An Elon Musk Tesla Powerwall battery would take almost 40 years, or roughly four times its warranty period, to pay for itself, according to analysis performed by the Institute for Energy Research.
“It would take nearly forty years for a Powerwall to pay for itself, which is almost four times the warranty period. It is highly unlikely that it would even last that long,” Chris Warren of the Institute for Energy Research (IER) told The Daily Caller News Foundation.
A Tesla Powerwall is a $7,340 lithium ion-battery that stores electricity for homes. The original intention of a Powerwall was to make rooftop solar panels economically viable for consumers.
A Powerwall would also take 38 years to save its owner enough money to justify the expense, according to IER. This payback time could be reduced with the purchase of a small home solar system to “only” 31 years. Tesla only offers 5 to 10 year warranties on its Powerwalls, and predicts they will last for only 15 years.
Additionally, Tesla Powerwalls are lithium ion-batteries which have a tendency to catch on fire or even explode if damaged in a certain way.
A different analysis estimates that a power-wall could save its owner a maximum of $1.06 a day. This means a Powerwall would take 25 years to pay for itself under the best possible scenario.
“One of the biggest issues with wind and solar is that they’re intermittent. A lot of folks point to battery storage as a solution, but this presents many technological hurdles and is extremely expensive. Tesla claims their new Powerwall overcomes a lot of these issues, but as our analysis shows, it remains very expensive,” continued Warren.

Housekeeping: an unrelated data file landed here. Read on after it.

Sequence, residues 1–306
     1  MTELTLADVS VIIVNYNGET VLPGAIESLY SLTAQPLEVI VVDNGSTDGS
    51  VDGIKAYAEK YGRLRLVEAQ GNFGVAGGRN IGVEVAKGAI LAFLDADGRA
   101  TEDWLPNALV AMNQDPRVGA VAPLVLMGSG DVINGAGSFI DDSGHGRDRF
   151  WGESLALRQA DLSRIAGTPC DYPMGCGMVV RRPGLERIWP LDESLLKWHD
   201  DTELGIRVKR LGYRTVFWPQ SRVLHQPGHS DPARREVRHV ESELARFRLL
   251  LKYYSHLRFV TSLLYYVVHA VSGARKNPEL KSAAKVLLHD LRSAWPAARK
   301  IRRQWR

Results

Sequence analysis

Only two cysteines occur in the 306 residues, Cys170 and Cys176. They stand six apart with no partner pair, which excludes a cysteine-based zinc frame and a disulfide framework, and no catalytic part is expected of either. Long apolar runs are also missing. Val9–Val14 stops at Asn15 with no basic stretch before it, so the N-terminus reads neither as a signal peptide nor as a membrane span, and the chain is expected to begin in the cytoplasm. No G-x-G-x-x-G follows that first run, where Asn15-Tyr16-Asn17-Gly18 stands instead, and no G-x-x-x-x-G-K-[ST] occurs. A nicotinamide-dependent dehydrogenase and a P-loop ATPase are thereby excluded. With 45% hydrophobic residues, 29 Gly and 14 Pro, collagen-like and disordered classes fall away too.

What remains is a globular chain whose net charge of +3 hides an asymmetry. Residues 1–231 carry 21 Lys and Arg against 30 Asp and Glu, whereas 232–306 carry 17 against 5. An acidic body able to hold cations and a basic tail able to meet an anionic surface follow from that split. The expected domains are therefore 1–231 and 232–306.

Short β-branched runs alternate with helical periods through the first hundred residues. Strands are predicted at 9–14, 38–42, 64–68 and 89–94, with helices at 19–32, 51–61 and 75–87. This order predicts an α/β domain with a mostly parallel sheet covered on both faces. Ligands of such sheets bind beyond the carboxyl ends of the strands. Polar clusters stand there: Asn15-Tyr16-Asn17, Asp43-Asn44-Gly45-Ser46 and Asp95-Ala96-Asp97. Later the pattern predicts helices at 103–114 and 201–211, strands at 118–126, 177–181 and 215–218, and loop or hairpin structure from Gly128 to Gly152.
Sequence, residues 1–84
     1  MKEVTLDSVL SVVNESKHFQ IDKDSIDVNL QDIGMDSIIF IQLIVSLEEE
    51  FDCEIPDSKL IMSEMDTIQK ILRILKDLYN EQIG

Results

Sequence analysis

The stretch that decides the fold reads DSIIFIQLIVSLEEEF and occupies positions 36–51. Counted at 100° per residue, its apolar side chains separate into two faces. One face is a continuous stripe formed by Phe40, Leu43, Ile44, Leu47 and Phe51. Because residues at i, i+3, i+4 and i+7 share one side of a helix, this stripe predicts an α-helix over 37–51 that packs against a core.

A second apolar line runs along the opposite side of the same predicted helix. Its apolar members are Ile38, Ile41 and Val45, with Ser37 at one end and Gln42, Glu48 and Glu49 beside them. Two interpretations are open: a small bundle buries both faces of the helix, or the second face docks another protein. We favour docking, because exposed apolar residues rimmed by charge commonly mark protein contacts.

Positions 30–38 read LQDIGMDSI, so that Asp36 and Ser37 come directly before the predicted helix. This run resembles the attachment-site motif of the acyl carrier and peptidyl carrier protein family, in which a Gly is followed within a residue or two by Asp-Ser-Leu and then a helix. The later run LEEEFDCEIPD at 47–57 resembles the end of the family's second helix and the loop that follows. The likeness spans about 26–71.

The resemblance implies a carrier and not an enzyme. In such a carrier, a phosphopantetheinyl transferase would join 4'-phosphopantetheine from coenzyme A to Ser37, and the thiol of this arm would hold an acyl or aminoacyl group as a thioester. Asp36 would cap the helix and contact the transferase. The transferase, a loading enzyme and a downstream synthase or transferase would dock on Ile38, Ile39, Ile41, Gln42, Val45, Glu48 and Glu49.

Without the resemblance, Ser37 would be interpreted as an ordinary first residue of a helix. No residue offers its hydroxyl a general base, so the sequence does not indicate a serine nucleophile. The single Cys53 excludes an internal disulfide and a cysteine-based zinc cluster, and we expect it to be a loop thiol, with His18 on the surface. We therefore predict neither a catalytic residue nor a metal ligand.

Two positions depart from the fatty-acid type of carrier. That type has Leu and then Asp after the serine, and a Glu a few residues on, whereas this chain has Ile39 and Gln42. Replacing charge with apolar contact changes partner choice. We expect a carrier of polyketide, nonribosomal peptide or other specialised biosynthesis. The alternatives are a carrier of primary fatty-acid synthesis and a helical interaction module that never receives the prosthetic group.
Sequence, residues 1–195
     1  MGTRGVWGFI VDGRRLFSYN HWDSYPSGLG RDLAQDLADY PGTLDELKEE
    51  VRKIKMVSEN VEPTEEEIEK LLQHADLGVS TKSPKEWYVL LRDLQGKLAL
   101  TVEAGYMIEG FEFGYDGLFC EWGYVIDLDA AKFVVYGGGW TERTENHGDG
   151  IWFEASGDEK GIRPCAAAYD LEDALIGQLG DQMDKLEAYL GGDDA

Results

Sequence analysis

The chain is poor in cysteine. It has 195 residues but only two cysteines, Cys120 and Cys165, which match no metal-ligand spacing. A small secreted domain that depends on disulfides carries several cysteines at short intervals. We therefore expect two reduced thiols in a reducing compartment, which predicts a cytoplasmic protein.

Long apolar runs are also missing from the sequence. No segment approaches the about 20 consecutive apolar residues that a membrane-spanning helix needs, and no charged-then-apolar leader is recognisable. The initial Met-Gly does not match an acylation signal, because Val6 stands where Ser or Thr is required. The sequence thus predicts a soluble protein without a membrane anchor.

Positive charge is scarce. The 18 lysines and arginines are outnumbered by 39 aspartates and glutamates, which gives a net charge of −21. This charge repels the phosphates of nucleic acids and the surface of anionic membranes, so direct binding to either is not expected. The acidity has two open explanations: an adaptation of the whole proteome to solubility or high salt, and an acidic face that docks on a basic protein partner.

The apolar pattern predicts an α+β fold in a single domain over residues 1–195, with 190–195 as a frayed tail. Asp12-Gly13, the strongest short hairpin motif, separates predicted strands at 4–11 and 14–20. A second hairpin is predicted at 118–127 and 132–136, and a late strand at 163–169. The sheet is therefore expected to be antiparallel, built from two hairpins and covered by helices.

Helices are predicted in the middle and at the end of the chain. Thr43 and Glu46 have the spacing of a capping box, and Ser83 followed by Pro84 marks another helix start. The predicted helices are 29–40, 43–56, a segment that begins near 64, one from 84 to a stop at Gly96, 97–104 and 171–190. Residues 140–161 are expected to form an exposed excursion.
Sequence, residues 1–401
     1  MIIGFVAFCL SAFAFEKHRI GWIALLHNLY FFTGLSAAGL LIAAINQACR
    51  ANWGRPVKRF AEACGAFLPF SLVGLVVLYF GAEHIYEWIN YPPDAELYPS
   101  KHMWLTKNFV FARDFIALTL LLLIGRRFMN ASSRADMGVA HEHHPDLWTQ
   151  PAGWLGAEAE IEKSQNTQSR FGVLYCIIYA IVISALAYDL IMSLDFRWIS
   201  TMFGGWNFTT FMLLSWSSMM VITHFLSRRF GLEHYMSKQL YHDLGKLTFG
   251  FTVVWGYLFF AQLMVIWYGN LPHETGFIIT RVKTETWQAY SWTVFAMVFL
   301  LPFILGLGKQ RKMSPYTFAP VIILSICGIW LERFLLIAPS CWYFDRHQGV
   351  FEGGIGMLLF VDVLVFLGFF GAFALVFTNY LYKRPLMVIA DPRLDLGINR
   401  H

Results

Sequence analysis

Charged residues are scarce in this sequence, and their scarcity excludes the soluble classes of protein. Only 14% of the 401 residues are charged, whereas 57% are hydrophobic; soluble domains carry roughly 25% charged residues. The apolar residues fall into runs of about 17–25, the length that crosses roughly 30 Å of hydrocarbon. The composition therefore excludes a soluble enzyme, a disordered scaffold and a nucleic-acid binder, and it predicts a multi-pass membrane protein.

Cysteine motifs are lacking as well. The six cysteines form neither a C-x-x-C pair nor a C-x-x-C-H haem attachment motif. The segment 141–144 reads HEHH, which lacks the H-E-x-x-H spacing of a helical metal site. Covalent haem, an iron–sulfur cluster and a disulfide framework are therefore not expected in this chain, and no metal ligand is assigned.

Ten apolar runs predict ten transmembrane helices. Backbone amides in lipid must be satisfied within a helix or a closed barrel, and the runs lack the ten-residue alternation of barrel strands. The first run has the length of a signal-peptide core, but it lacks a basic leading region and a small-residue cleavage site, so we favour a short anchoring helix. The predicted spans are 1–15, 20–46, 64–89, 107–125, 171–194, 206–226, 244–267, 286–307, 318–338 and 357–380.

Solar and wind power aren’t reliable because of the intermittent nature of those energy sources. Environmentalists have long believed that reliable and cheap batteries could make solar and wind economical, which would reduce carbon dioxide emissions and help solve global warming. Tesla has work with SolarCity, another company chaired by Musk, to create Powerwall batteries theoretically capable of making solar and wind more reliable.
Supporting wind and solar power with batteries is extremely expensive, particularly in regards to home use. Even after billions have been put into battery research by Apple, Samsung, and other huge technology companies, batteries aren’t improving quickly. Despite enormous amounts of financial support from both the private sector and the government, only small gains in battery capacity and reducing costs have been made.
It is currently impossible to economically store power for times when the sun isn’t shining and the wind isn’t blowing.
One of the world’s largest and most powerful batteries, located in Fairbanks, Ala., weighs 1,300-metric tons and is larger than a football field. It can only provide enough electricity for about 12,000 residents, or 38 percent of Fairbanks’ population, for seven minutes. That’s useful for short outages, which happen a lot in Alaska, but isn’t effective enough to act as a reserve for solar and wind.
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